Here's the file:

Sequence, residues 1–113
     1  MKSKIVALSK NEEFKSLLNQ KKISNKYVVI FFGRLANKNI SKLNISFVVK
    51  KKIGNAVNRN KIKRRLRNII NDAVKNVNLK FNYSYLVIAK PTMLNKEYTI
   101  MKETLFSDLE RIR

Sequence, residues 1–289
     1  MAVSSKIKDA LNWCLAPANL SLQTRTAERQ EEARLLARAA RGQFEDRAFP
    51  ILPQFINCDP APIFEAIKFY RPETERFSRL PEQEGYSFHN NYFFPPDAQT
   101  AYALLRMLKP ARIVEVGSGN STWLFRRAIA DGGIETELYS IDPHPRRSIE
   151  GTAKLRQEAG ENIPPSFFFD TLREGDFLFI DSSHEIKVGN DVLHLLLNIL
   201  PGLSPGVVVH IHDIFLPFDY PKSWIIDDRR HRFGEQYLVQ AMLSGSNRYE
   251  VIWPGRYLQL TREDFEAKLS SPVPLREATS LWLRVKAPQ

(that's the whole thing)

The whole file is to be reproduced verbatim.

Sequence, residues 1–113
     1  MKSKIVALSK NEEFKSLLNQ KKISNKYVVI FFGRLANKNI SKLNISFVVK
    51  KKIGNAVNRN KIKRRLRNII NDAVKNVNLK FNYSYLVIAK PTMLNKEYTI
   101  MKETLFSDLE RIR

Sequence, residues 1–289
     1  MAVSSKIKDA LNWCLAPANL SLQTRTAERQ EEARLLARAA RGQFEDRAFP
    51  ILPQFINCDP APIFEAIKFY RPETERFSRL PEQEGYSFHN NYFFPPDAQT
   101  AYALLRMLKP ARIVEVGSGN STWLFRRAIA DGGIETELYS IDPHPRRSIE
   151  GTAKLRQEAG ENIPPSFFFD TLREGDFLFI DSSHEIKVGN DVLHLLLNIL
   201  PGLSPGVVVH IHDIFLPFDY PKSWIIDDRR HRFGEQYLVQ AMLSGSNRYE
   251  VIWPGRYLQL TREDFEAKLS SPVPLREATS LWLRVKAPQ